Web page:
5.53 1 Kings -- The First Wave
Just like the later Roman Empire, so the Davidic kingdom was now assaulted by various tribes of “barbarians” -- surrounding nations who once were vassals, now come to pillage and destroy.
First was Hadad the Edomite (1 Kings 11:14), a survivor of David’s massacre of the Edomites, who found refuge in Egypt. This atrocity occurred during the war against the Edomites mentioned in 2 Sam 8:13-14. It is unclear whether this crime was authorized by David himself, or was one of Joab's frequent bloody outbursts. The Edomites, though traditional enemies of Israel, were not on God's extinction list, in fact they were classed favorably with Egyptians (Deut 23:7-8). Hadad also married into the royal family of Pharaoh. He returned to his own country after Joab was killed.
Next was Rezon of Zobah, who became king of Damascus in Aram (Syria) (1 Kings 11:23).
Third was an Israelite, Jeroboam, one of Solomon’s own officials. We note that Jeroboam did not plan treason against his master. Rather, God stirred him up to it through an otherwise unknown prophet -- Ahijah the Shilonite. Ahijah tore his own robe into 12 pieces and told Jeroboam to take ten of them:
"See, I am going to tear the kingdom out of Solomon's hand and give you ten tribes...I will take you, and you will rule over all that your heart desires; you will be king over Israel" (1 Kings 11:31-37).
God specifically mentioned that the cause of this action was Solomon's idolatry. The two pieces of the robe left to David's house were Judah and Benjamin. He also made an incredible promise to Jeroboam:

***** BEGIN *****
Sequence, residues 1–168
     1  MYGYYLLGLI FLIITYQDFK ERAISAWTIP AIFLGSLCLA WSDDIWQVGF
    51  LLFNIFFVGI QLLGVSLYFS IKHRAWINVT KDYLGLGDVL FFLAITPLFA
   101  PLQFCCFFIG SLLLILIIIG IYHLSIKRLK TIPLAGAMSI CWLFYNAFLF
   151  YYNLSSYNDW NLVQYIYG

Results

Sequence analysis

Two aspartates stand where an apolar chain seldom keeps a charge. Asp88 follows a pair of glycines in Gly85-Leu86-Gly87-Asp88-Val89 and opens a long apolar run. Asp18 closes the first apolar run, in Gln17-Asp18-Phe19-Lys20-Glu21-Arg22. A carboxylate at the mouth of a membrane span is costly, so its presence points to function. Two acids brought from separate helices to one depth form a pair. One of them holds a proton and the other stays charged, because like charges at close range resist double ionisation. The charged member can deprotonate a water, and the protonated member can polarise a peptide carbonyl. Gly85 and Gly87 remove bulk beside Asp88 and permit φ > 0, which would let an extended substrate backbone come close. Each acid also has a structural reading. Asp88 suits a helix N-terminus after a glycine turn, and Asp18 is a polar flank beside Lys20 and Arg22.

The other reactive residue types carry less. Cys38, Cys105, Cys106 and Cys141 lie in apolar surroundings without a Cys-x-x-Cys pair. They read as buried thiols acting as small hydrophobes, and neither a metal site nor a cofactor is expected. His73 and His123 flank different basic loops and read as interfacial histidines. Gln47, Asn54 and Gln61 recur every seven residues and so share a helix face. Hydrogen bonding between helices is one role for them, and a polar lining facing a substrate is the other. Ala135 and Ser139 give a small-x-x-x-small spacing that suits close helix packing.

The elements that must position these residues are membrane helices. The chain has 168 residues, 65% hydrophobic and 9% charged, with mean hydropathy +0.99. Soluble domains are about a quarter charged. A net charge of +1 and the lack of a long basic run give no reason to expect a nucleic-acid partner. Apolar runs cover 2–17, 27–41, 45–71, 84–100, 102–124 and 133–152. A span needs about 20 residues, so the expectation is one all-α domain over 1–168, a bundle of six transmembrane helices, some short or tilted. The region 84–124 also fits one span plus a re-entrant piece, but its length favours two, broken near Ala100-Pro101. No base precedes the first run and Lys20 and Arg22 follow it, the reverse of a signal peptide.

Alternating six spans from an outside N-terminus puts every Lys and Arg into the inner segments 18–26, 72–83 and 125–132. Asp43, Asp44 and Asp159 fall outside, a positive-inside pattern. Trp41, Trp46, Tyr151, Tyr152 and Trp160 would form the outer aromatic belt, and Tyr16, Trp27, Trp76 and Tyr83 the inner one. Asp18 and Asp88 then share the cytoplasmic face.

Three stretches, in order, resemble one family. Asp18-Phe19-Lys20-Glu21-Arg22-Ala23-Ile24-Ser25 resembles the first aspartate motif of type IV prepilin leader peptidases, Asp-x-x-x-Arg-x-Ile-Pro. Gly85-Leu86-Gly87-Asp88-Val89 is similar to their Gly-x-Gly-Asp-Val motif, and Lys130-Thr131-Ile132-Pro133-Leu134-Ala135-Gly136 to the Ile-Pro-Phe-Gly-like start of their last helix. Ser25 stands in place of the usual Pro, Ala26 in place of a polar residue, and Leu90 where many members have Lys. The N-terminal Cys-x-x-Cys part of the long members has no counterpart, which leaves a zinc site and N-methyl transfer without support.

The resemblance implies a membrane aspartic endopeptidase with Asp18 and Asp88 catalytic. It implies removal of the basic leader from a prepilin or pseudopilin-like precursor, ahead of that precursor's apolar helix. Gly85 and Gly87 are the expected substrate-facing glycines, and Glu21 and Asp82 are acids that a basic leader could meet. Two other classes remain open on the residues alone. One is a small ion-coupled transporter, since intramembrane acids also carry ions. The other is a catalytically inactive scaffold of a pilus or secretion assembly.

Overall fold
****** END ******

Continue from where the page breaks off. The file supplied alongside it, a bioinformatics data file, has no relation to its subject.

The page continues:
"If you do whatever I command you and walk in my ways and do what is right in my eyes by keeping my statutes and commands, as David my servant did, I will be with you. I will build you a dynasty as enduring as the one I built for David and will give Israel to you" (1 Kings 11:38).
This is an astounding offer! It is on the order of His choosing Saul while he was out looking for donkeys, or David while he was tending sheep. Had Jeroboam kept his part of it, we might have had two parallel kingdoms, Israel and Judah, both with lasting dynasties picked by God. Perhaps Israel might have withstood Assyria and escaped oblivion. It is as if God was saying, "It is not too late to avoid oblivion, the total destruction of your home and land, final judgment can yet be averted." But of course, since it depended on man's faithfulness, this "Plan B" fared no better than the unified kingdom of David. Jeroboam was a dimwit: his competency as an overseer of forced labor failed him when he was promoted to rulership of 10 tribes.
Solomon got wind of this prophetic judgment, and in true Saul-like fashion, tried to kill Jeroboam rather than repent. Jeroboam, emulating David, took refuge outside of Israel, though with Egypt, not the Philistines, until the death of Solomon.